I first saw George Peru on a Thursday morning. I was driving down Sunset Boulevard in Silver Lake, on my way to get my morning espresso at the Tropical Bakery on the corner of Parkman and Sunset. I was stopped at the red light at Maltman. I was listening to a book on my iPhone, Stephen King, and I'd momentarily lost focus at a moment of great suspense. So, bad driver that I am, I reached down in the mess of newspapers and junk mail on the passenger seat while keeping one eye barely on the road, and I managed to knock the phone onto the floor in front of the passenger's seat, where the newspapers were older and the junk mail already crumpled and damp with the melted ice from a week-old McDonald's Coke.
I was bending down to retrieve the phone and braking at the same time. I was vaguely aware of the large vehicle in front of me. It felt like a bus, something that big, but when I sat up without the phone and brought my foot down sharply on the brakes to avoid rear-ending the bus, I saw that it was not a bus at all, but a large white truck.
The truck belonged to a plumbing company. "George Peru -- Plumber" was written across one of the rear doors in bold letters. On the other door was George Peru himself, that is, his startlingly realistic painted likeness. A good looking man in his early thirties, dressed in a one piece belted jumpsuit that shone with clean whiteness, George Peru carried his tool box in his left hand and moved forward confidently, a wrench grasped firmly in his right.
There was something immediately disturbing in this image. George Peru, his smile so fucking confident, seemed ready to step right off the rear door of that truck and into the real world. Take care of any problem. "Sewer trouble, hell, I've seen worse. Probably just a little root damage. Let's get down in there and take a look." More than anything, what struck me about George Peru was the ridiculous whiteness of his jumpsuit. This guy could suck a stopped-up sewer clean and not get any on him. There was something wrong with that.
I didn't hit George Peru's truck. My brakes squealed and complained, but my car stopped, and then, once I was sure that I was not about to cause an accident, my bad driver confidence returned and I swung my car out into the left lane, meaning to pass the truck. It was not just that I was in a hurry for my morning caffeine fix; I wanted to see if George himself were driving the truck. I wanted to get a look at his squeaky clean features behind the wheel. No job too dirty for George Peru, white man redux.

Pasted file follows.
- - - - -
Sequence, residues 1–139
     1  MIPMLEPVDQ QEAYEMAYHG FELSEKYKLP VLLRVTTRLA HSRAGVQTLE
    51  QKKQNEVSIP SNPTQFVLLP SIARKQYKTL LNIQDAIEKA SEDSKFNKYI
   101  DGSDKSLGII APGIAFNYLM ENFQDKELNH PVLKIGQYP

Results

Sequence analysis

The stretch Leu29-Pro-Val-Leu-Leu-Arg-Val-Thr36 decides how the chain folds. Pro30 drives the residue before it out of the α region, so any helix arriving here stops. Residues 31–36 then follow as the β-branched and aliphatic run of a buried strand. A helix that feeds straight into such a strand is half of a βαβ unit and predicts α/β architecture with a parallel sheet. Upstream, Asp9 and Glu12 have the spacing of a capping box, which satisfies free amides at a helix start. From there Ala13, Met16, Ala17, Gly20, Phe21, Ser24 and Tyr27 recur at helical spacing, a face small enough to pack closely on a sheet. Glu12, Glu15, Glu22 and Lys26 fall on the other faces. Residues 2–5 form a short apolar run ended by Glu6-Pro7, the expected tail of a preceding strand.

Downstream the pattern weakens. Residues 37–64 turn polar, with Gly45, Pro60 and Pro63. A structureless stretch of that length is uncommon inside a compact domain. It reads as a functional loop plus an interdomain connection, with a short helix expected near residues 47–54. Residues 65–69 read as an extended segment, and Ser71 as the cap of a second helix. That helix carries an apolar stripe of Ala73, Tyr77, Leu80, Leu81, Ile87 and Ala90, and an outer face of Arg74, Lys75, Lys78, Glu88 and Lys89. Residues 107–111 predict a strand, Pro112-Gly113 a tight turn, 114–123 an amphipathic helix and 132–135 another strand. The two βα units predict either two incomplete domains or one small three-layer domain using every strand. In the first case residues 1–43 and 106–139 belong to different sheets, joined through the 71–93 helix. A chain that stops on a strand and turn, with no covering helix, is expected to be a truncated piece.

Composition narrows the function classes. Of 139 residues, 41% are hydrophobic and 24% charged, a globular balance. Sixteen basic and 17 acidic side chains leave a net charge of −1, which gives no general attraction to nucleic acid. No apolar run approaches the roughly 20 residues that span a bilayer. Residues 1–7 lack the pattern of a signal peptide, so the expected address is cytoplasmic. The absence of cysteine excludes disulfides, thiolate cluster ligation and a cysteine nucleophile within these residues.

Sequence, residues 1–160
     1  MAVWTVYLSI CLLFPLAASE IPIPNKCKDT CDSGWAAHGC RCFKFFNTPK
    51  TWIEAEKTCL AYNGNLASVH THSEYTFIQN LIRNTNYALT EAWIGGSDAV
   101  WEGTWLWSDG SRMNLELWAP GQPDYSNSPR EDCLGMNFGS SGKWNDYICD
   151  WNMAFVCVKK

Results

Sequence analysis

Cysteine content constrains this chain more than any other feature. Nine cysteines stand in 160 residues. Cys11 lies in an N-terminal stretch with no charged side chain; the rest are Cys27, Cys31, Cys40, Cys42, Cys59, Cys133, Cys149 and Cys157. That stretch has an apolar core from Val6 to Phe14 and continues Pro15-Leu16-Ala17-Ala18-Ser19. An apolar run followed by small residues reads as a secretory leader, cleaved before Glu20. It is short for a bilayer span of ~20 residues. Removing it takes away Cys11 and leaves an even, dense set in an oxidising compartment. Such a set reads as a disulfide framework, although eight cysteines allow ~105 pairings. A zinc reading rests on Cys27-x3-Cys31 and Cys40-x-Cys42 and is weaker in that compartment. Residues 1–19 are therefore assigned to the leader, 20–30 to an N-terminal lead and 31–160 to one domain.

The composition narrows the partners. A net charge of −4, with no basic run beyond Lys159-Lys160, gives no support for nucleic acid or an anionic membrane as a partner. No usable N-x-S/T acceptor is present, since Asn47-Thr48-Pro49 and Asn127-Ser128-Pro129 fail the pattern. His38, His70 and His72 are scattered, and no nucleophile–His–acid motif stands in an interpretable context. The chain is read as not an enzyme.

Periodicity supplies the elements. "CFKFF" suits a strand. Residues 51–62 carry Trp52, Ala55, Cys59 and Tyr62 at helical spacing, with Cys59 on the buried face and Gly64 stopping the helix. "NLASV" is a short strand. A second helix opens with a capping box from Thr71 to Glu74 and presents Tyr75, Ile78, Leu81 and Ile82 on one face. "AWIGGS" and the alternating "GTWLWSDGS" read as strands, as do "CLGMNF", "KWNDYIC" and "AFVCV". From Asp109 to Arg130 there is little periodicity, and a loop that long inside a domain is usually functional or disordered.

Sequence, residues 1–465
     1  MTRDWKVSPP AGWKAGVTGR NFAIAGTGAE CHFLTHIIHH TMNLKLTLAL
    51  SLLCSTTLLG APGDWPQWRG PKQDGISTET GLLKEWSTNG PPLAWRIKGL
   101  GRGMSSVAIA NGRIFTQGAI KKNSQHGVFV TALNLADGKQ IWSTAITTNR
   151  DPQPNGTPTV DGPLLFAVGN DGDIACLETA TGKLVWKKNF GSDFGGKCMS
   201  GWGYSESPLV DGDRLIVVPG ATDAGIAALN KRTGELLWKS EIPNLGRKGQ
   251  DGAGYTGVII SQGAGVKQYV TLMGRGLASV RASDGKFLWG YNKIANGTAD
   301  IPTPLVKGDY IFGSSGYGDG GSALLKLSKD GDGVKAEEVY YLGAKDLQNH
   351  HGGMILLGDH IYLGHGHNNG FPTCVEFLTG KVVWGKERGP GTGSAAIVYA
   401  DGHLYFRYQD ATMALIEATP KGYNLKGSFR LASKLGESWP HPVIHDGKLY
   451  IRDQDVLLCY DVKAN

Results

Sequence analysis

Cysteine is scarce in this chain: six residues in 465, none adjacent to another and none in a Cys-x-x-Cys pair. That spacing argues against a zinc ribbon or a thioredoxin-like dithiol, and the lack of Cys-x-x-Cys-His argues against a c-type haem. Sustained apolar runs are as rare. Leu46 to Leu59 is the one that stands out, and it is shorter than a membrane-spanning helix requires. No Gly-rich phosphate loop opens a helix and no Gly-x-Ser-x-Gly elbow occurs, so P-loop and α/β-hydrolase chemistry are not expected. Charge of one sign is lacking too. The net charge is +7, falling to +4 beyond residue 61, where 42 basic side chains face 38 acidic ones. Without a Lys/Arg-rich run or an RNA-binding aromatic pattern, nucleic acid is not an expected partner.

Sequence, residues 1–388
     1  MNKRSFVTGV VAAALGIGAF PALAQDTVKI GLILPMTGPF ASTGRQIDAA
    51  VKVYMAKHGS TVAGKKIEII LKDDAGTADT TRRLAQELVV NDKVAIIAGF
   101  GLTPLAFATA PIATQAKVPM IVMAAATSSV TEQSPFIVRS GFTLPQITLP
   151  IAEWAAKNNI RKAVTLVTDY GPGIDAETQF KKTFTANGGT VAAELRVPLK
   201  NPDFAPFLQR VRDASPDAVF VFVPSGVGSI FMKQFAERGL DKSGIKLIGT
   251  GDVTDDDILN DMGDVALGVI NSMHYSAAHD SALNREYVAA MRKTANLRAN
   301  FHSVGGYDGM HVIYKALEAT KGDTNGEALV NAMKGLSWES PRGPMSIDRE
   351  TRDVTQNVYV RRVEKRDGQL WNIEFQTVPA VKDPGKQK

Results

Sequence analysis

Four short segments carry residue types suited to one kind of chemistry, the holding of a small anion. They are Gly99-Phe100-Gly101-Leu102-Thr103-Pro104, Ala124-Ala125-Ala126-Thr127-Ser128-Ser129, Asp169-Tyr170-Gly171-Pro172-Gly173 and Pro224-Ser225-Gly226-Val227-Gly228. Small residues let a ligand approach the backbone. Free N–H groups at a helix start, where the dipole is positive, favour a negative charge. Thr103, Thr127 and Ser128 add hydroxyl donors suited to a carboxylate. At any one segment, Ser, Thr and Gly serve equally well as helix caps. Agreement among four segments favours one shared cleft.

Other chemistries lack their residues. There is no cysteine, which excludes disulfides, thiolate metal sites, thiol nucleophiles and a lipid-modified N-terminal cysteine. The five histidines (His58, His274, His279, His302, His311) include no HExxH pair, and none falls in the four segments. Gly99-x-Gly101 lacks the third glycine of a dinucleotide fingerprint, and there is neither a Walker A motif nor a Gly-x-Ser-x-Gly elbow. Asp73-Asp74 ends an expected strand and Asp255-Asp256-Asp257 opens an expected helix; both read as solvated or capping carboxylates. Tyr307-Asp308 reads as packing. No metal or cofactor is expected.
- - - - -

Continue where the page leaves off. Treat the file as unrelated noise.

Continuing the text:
But I could see no one behind the driver's seat of the truck. The cab was too high. All that I saw were gloved hands gripping a steering wheel. I can say with confidence that the gloves were white, but that is all that I can say.
I swung past the truck, made a screeching right onto Parkman, parked in the alley behind the Tropical Bakery, and went in to have my morning jolt.
The drive from my home to Tropical took less than five minutes. It was a drive that I made every morning. I left my wife sleeping soundly, the two girls watching cartoons on their iPads and getting ready for school. I left the paper folded neatly on bricks in front of the house. I bought my own copy of the paper at the liquor store across Sunset from the bakery. A waste of paper, I know, but my wife had her own morning ritual too, and part of that consisted of the opening and refolding of a fresh, unspoiled newspaper that had not been demolished by an impatient reader, and then refolded pathetically in an attempt to hide the grease and coffee stains and the croissant crumbs that were a part of my own quick perusal of the morning news. And reading the news electronically is a feature of the modern world that I find singularly depressing.
I am, like many newspaper readers, an avid consumer of other people's tragedies. I skirt world news; I skim the sports section. I don't care what the newspaper thinks of this week's movies or how new home sales are doing. I want the pain and suffering of my fellow Angelinos. I want senseless violence. I want to know that there are other people whose lives make much less sense than mine. If I were to take my wife's paper with me in the morning and then bring it home, refolded, the vast majority of my crumbs would come falling out of the second section, where rapists compete for space with sociopaths and gangbangers for column inches. A couple of times, when there's not enough bad local news, I've had to read the editorials, but thankfully, I'm not yet in need of seeing my fellow man in that bad a light.